If the history of humankind is 300 thousand years old, the history of trees and forests is 300 million years old. But humanity has a complex relationship with trees. Our growing population shares the planet with approximately three trillion trees, which represents almost half of the trees present on the planet at the start of human civilization. Part of the reason for this tree loss is due to agricultural lands expanding. The more people there are, the more crop, livestock, fish, timber the world needs to grow, the more space it needs for cities and infrastructures. Does this necessarily need to be done at the expense of forests, and at the expense of trees in farming systems and of trees in landscapes?
FTA’s vision is that humankind can change the direction of its development trajectory to avoid a doomsday scenario, and towards a pragmatic path of sustainability that balances productivity and preserves the integrity of the environment. We call this path a “sustained agility”, where productivity is carried out in harmony with nature.
The dot in the figure below represents our current situation.
Underpinning the “sustained agility” scenario is a fine understanding of what trees and forest can bring to a range of challenges, if these resources are properly managed, and if the right governance is in place. Whether it is about the future of cities, of our energy system, of material resource systems, of our food systems, of our landscapes, and of our climate, forests, trees and agroforestry are – almost always – an ingredient to our most promising solutions. They are the key to our future.
Making complex pathways easy to grasp
One of the pillars of the FTA program is the forest transition curve (the red line in the figure below) – whose very definition was coined by FTA scientists, and now worldwide known. Looking at the totality of the world landscapes at a certain point in time reveals a quite complex set of land-use patterns. But a new light is shed when we look at these patterns through time: the curve enables us to better understand and anticipate the consequences (both positive and negative), over time of economic development on forests, land use and the environment. It also enables to figure out the levers of action to prevent degradation of ecosystems and improve overall productivity and ecosystem services.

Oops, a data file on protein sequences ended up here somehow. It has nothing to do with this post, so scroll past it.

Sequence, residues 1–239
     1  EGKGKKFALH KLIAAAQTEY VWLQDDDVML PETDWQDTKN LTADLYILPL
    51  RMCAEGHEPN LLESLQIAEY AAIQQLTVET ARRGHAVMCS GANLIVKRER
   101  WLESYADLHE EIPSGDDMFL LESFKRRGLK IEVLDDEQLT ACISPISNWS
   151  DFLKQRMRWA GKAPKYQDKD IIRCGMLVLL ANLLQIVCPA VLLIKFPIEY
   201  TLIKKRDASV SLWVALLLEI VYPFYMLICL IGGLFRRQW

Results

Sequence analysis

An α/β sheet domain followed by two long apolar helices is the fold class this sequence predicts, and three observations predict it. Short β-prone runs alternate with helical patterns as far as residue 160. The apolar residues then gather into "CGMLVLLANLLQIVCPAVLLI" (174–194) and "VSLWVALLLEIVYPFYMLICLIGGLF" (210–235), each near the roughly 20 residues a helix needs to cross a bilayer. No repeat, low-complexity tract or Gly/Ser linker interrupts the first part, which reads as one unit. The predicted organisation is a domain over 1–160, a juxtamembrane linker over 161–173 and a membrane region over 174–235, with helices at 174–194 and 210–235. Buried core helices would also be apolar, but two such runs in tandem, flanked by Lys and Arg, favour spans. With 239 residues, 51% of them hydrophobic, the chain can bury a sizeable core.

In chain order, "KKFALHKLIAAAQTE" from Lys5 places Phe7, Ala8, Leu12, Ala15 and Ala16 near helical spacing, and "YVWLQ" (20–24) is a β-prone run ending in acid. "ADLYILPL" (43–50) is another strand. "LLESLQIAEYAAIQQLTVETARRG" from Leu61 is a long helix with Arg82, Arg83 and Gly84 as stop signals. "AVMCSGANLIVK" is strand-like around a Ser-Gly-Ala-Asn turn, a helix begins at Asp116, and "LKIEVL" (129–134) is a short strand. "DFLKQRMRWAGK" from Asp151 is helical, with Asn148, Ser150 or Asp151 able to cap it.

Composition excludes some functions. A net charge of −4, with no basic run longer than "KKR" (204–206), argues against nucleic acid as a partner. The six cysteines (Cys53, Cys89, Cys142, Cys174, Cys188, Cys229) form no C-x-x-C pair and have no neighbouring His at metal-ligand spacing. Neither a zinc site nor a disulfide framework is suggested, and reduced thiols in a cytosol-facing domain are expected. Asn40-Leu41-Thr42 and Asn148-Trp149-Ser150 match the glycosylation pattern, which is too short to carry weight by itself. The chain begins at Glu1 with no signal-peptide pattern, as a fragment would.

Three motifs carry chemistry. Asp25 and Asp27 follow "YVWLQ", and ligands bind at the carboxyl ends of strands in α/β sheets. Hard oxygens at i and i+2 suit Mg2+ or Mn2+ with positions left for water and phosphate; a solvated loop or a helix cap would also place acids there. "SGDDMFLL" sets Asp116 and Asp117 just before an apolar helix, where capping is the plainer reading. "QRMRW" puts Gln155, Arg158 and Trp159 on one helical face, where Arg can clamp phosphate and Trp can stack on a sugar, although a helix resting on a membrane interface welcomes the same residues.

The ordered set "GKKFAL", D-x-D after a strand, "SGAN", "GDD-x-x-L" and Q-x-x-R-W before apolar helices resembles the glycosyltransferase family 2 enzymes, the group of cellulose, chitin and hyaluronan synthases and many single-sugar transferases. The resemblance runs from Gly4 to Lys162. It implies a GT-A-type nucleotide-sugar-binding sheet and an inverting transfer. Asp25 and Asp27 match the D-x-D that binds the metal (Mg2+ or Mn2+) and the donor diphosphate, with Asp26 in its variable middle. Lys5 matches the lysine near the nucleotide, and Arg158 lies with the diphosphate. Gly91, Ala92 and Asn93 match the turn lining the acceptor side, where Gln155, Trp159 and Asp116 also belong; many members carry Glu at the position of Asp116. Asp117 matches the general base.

Compared to annual crops, trees have the particularity to force anyone to consider, inherently, the time dimension. What you do to forests now, will impact you for decades. The decision to plant a tree today, to organize differently your farm system with trees, is a decision that has consequences through time. An intervention that contains trees is therefore always a “change” on top of an evolution (in time). A change, on top of another change. This is why FTA uses the language of ‘Theory of Induced Change’ (leverage points, intervention) over a ‘Theory of Change’ (the forest transition curve representing the “baseline” evolution of the system due to various social-ecological processes and their drivers). This distinction clearly allows to identify leverage points to modify pathways of change and development, through context specific action.
FTA, the collaborative Research Program on Forests, Trees and Agroforestry program is coming to an end in 2021 as a CGIAR CRP. However, it has depicted for itself a clear way forward, to include new, innovative, large-scale, and long-term research. The partnership has grown, it has energy, it is ready for another decade, towards 2030.
Download the Introduction to learn more about FTA’s efforts in 10 years of research in partnership. And stay tuned for more highlights! Each one will allow you to discover or rediscover – through FTA “eyes” – milestones in the forests, trees and agroforestry research advancement. A way to read about how knowledge, linked to peoples’ buy-in and power, well used can really make a change for our global agenda in sustainable development!
Vincent Gitz, FTA Director